Conley's breakthrough underlines the trend from big to small. The No. 4 pick in the 2007 draft, he joined Memphis amid persistent doubts that his stock had been inflated by his lengthy partnership with former Ohio State and high school teammate Greg Oden, who was hyped as the center of his generation. Four years later Oden—like Yao Ming, another potentially transcendent giant—has seen his career ruined by injuries, while Conley has improved to earn a five-year, $40 million extension from the Grizzlies. "I've had to deal with that [criticism] that I was riding Greg's coattails to the NBA," says Conley, who has put the issue behind him.
Since the rule changes, scoring has risen by 12.2 points per game and TV ratings have ballooned as much as 45% in no small part because the courts have been opened up and the driving lanes filled by slashers like Conley. Yet the cheers are not unanimous. "The game is becoming very simple," says 37-year-old Kidd, a 10-time All-Star. "If you have a quick point guard who knows how to play, you've got the advantage because if there's any bump it's a foul on the defense. So you definitely give the 6'3"-or-under guy the advantage."
When 35-year-old Ray Allen was growing up, point guards typically served an inglorious setup role. "Now the best position is point guard because of all of the guys in the league who can play and can score," says the Celtics' shooting guard, the NBA's alltime leader from the three-point line. "Most of the small point guards couldn't play 10 years ago, because we would have posted them up with bigger guards and they would have been out of the game. But now it's so open that you can get to the free throw line easier, there's less contact. It gives a smaller guy better capability."
These days the NBA operates less like chess and more like a video game. "It used to be your smarts would get you through, but now it's strictly talent and athleticism—if you've got that, you can play in this league," says Miller, 34. "In college you're forced to think, you're taught how to play basketball. Get to the NBA, and you can just come in and run with your head cut off, and that's what makes the league. When I came in, you couldn't just run and jump all over the place. You were going to get hit eventually, or somebody was going to tell you to slow down."
Collison began the year playing for Indiana coach Jim O'Brien, who ran a passing-game offense that discouraged Collison from dribbling. Then O'Brien was fired in January and replaced by interim coach Frank Vogel, who put the ball in Collison's hands in pick-and-roll situations and empowered him to seize command. "Everything initiates with the point guard now," says Vogel. "I want him being a coach on the floor. Every day I say, 'Run your team. Who's not involved? Are you being aggressive enough in pick-and-rolls?' " The results have been impressive: The Pacers were 17--27 under O'Brien. Since Vogel took over and turned Collison loose, they were 20--17 at week's end. "It's easier," says Collison of the NBA pace in comparison to the more controlled college game. "Some people may disagree, but I think it's easier."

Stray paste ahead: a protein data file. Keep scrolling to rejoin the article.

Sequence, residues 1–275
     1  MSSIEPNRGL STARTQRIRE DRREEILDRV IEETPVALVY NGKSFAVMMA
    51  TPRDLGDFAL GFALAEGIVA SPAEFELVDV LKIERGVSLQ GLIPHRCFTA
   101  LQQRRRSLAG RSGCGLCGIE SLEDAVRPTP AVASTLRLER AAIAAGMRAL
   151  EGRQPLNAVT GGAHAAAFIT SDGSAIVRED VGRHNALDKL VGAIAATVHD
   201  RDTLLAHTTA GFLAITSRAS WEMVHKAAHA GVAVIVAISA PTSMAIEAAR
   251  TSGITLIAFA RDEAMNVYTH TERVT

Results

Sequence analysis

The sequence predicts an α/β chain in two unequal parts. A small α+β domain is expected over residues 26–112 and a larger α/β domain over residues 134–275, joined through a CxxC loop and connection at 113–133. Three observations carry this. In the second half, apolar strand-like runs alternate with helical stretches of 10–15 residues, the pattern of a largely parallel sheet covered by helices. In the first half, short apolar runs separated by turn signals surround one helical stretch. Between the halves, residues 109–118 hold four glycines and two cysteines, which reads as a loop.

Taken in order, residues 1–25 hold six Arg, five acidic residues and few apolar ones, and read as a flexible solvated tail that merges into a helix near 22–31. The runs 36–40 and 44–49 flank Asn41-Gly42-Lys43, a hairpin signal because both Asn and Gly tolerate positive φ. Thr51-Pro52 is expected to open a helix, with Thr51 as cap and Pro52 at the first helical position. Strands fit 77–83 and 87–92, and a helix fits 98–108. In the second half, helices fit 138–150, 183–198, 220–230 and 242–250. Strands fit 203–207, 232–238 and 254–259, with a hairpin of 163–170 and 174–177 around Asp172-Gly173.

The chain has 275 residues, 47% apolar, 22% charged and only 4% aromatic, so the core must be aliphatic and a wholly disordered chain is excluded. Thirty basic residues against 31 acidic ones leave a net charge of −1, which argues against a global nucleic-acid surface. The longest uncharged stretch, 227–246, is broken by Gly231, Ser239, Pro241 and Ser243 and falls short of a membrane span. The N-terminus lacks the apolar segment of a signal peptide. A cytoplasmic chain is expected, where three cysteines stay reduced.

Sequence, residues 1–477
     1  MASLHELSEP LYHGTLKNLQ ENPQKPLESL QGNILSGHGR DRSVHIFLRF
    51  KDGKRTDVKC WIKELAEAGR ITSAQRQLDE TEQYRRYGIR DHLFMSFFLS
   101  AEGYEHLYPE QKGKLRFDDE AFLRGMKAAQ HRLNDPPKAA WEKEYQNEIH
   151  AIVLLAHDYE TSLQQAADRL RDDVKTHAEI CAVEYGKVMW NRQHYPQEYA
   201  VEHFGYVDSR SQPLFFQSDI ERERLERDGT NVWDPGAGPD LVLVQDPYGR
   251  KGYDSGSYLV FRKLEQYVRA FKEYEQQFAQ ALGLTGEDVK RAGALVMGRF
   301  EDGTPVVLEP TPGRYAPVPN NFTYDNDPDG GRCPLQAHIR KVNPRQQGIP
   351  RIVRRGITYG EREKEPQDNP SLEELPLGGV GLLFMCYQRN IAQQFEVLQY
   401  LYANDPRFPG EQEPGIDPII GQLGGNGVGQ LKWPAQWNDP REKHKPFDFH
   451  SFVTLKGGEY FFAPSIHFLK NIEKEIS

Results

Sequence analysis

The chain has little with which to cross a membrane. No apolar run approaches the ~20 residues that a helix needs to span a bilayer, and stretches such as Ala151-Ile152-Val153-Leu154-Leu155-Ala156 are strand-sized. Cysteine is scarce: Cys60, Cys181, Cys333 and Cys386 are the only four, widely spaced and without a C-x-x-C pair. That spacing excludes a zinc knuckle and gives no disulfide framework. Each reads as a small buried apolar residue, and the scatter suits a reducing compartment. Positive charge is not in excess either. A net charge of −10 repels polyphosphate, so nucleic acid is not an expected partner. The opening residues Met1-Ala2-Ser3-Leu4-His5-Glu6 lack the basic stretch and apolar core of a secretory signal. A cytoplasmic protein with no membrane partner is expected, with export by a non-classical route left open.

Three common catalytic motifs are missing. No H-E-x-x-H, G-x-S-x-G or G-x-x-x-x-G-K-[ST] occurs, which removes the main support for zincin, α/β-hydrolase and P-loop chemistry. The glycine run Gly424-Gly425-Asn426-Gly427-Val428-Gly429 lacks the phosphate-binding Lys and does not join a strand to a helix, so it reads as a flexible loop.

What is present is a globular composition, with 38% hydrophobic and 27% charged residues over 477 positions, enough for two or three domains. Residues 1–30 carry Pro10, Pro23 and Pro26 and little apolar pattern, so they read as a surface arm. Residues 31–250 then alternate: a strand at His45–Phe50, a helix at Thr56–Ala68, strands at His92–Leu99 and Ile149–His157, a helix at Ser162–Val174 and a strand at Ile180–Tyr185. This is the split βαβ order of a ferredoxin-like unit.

This liberating era creates an interesting question: How in the name of Bruce Bowen does anyone stop an opposing point guard? There is no simple answer, but the best defense on a slasher like Rose is a long-armed defender who will play off him and dare him to shoot jumpers. (That's how Bryant has attempted to curtail Rondo.) Collison is going to have his hands full—or wish he could have use of them under the old rules—in the opening round against the top-seeded Bulls while trying to prevent Rose from bullying past him. Defense has been Collison's biggest weakness this season. "He's been O.K., he's been nothing spectacular," says Bird, now the Pacers' president, of Collison's overall body of work, as if trying to humble him for the job ahead.
Based on their 1--3 record against Chicago, Collison's Pacers don't figure to seriously impede Rose's path. But Rose's journey becomes far more difficult as Chicago moves deeper into the postseason. The newfound strength of the little man is that everything runs through him. But what happens when the most exceptional opponents load up their defensive assets to overwhelm him? The Bulls' postseason fortunes may well rely on the success of their perimeter shooting, as opponents do all they can to jam Rose's lanes to the basket.